• As the curvature of the ovoid shape meets the shaft of the cane, placement of the thumb and forefinger along the shaft are also accounted for, maximizing their grip along the cane.
  • The handle of the cane also extends up to better fill the palmer arch of the hand, keeping the wrist in better alignment with the arm, cane and ground.
  • These objects, as well as other objects and advantages of the present invention, will become clearer through consideration of the following description and accompanying designs.
  • BRIEF DESCRIPTION OF THE DRAWINGS
  • FIG. 1A is a front perspective view of an embodiment of the ergonomic cane handle of the present invention;
  • FIG. 1B is a rear perspective view of an embodiment of the ergonomic cane handle;
  • FIG. 2A is a side view of an embodiment of the ergonomic cane handle;
  • FIG. 2B is another side view of an embodiment of the ergonomic cane handle;
  • FIG. 3A is a bottom perspective view of an embodiment of the ergonomic cane handle;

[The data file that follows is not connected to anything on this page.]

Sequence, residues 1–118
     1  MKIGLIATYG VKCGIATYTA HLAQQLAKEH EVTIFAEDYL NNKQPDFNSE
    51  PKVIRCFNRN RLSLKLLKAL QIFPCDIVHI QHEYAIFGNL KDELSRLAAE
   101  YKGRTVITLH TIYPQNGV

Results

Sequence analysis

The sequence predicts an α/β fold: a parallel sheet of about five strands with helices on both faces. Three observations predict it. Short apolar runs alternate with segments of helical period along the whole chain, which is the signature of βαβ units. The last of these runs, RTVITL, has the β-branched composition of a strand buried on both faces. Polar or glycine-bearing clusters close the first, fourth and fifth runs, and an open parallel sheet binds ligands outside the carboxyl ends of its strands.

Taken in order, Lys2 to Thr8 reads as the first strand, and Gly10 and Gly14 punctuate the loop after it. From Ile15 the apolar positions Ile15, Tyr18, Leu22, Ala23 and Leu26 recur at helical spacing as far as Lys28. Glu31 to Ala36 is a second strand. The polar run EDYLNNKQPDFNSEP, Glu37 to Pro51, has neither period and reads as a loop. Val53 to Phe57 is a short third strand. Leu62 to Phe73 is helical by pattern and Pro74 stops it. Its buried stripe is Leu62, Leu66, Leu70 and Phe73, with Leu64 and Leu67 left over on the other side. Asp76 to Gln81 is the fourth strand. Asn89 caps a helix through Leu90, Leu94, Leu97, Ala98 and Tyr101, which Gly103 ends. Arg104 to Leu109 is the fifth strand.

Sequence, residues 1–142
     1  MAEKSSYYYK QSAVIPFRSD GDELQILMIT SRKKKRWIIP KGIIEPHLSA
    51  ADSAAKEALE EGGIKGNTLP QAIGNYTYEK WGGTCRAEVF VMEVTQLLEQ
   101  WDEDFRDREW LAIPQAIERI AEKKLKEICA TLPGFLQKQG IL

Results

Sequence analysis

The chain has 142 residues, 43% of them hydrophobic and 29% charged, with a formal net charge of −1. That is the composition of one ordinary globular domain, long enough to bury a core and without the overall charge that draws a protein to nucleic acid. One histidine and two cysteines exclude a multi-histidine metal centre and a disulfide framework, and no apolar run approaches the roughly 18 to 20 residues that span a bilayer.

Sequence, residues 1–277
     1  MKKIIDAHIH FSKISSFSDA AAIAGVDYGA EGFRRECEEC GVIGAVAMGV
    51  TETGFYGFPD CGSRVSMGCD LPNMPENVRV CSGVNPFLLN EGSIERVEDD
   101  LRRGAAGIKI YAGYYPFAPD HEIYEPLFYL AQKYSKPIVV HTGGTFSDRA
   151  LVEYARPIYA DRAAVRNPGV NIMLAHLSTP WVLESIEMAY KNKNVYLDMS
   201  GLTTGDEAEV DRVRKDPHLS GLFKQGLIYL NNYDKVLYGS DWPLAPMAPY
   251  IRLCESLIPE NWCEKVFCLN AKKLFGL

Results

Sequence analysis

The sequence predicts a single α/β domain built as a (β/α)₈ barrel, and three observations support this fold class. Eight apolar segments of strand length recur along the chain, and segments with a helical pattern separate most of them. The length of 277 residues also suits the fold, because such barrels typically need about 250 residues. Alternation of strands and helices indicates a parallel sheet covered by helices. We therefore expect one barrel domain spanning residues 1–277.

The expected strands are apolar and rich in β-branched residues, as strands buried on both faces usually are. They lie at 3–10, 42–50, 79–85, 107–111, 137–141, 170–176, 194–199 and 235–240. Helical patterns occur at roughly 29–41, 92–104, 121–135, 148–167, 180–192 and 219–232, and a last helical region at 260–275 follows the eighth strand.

• FIG. 3B is a top view of an embodiment of the ergonomic cane handle.
  • DETAILED DESCRIPTION OF THE INVENTION
  • The detailed description set forth below in connection with the appended drawings is intended as a description of presently-preferred embodiments of the invention and is not intended to represent the only forms in which the present invention may be constructed or utilized. The description sets forth the features of the invention in connection with the illustrated embodiments. It is to be understood, however, that the same or equivalent functions and sequences may be accomplished by different embodiments that are also intended to be encompassed within the spirit and scope of the invention.
  • A cane handle 100 providing an ergonomic grip has a palm support 102, a front end 104 adjacent to the palm support 102, a back end 106 opposite the front end 104 and adjacent to the palm support 102, a first side 108 adjacent to the front end 104, the back end 106, and the palm support 102, a second side 110 opposite the first side 108 and adjacent to the front end 104, the back end 106, and the palm support 102, a finger grip portion 112 opposite the palm support 102 and adjacent to the first side 108, the second side 110 and the back end 106, and a bulbous protrusion 114 opposite the palm support 102 and adjacent to the front end 104, the first side 108, the second side 110 and the finger grip portion 112. The front end 104 may comprise a neck 115 extending in a first direction away from the palm support 102 along a longitudinal axis 204.